As the first person in his community to own a biogas digester and as a proud recipient of a biogas stove from Heifer Senegal, 60-year-old Mamadou Diouf is leading the way in his community with a blue flame.
“The flame is blue, the kitchen is lighted, the yard is clean and we rest more than before,” Mamadou said.
Mamadou and his wife Yacine Ciss (45) live in Sorokhassa community in Sindia, about 20 miles from Thies, home of Heifer's Senegal office. The couple has eight children – five boys and three girls – ranging from 6 to 19 years old. The family lives with the husband’s extended family.
The family’s journey with the Senegal Blue Flames Project started in March of 2016.
It was Mamadou's responsibility to dig the septic for the doom and to provide sand, gravel and water.
“When I sourced for labor to dig the septic, the cost was too high, so my family and I decided to invite our friends to help us,” Mamadou said. “Four of our friends joined my family, and we took one week to dig the required septic. We appreciated them with 50,000 FCFA (about $100).”
The Diouf family loves husbandry, and they own 28 cattle, nine sheep, eight goats, four horses, 10 local fowls and 15 pigeons. The project gave the family materials to reinforce their stable and a biogas digester from Heifer Senegal.
The Dioufs set the pace for the project: they were the first to finish their biogas digester.
We have a stream of visitors every week to see how the technology functions. Mamadou Diouf, Heifer project participant
“This biogas project has made me popular in my community,” Mamadou said. “I am the first person to ever own a bio digester in our community, and we have a stream of visitors every week to see how the technology functions.”
Mamadou said he was overwhelmed when he heard that the Heifer president and CEO would visit him to light his biogas stove in June 2016.
“It marked the height of our joy,” he said. “This project has brought us real joy; it has made us live like we are in Europe. I decided to build a biogas digester to assist my wife in the kitchen and to have more manure for our farms.”
Mamadou said the project’s most significant impact on the family was the reduced time it took for Yacine to collect wood and to cook. Previously, the family used fuel wood, charcoal and purchased gas as energy sources.
“I used to go as far as 4 kilometres to gather fuel wood,” Yacine said. “I would do that every day for a week to gather fuel wood for a month, which if I had to buy would have cost 10,000 FCFA (or about $20). In addition, we would spend 3,500 FCFA (or about $7) to complement the wood.”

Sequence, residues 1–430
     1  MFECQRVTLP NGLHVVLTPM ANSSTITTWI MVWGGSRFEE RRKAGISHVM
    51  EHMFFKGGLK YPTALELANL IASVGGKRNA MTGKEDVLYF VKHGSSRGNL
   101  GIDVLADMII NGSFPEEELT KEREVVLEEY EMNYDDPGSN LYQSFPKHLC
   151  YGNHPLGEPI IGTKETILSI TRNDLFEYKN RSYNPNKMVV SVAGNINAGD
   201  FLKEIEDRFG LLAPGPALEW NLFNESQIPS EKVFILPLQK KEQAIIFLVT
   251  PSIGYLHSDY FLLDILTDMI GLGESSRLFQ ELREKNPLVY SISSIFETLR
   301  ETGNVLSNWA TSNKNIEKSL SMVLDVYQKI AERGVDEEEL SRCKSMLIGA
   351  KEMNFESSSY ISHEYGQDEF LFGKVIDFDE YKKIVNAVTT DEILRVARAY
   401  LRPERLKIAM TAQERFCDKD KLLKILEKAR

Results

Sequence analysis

Since the family started using its biogas in June 2016, Yacine has only gathered wood a few times to cook food that she cannot cook on the biogas stove and they have not had to buy gas.
The biogas stove allowed them to move away from the disadvantages of their previous energy sources: high costs, sickening smoke, scarcity and the hassle of obtaining them, especially fuel wood. Apart from the economic gains, Yacine celebrates the cleanliness of her kitchen and the compound. She now cooks in a lighted kitchen, where she no longer has to worry about smelling like smoke or cooking on the floor, as she did before.
The biogas stove also allows Yacine to better manage her time, dropping her cooking time from four hours a day to two.
With biogas, I cook and do other activities the same time. My cooking time has dropped by 50 percent. It leaves my kitchen clean and makes me feel like a modern woman. I cook any time I want, as there is light in my kitchen. Yacine Ciss, Heifer project participant
“With biogas, I cook and do other activities the same time,” she said. “My cooking time has dropped by 50 percent. It leaves my kitchen clean and makes me feel like a modern woman. I cook any time I want, as there is light in my kitchen.”
Spending less time cooking also allows Yacine to sell more milk.
“Before the project, I would go to the forest to gather wood in the morning and sell milk in the evening. I seldom sold up to 10 liters of the 15 liters I hoped to sell.”
Yacine now goes to sell milk in the morning, often selling her goal of 15 liters before noon and earning about $150 a month.
Mamadou’s sole source of income is tilling the soil and taking care of his animals. One of the reasons he was excited for the biogas project was to get enough quality manure to enable his fields to produce more.
“Since I started filling the biogas digester, I have had 3,900 liters of liquid manure from our 18 cubic meter bio digester, which if I sold all of I would generate 390,000FCFA (or about $780),” he said. “With this, we have given 100 liters of liquid manure to two of our friends for their farms. We have used 3,800 liters on our farms. We hope that our groundnut and millet production will increase from its current 1,800 kilograms to four tons this season.”
Mamadou said he opted for a large biogas digester because he hopes to share it with his 20 extended family members.
“Sustainability is not an issue with us, as we involve every family member in the project,” he said. “Our idea is that if one person is not around, the filling of the bio digester should not be stopped. It is our hope that as we continue in this project, we will have more manure to increase our crop production, improve our cattle breed and improve our milk production so we can increase our income.”
Story by Christopher Tifuntoh, Heifer Planning, Montering & Evaluation Specialist for Africa Programs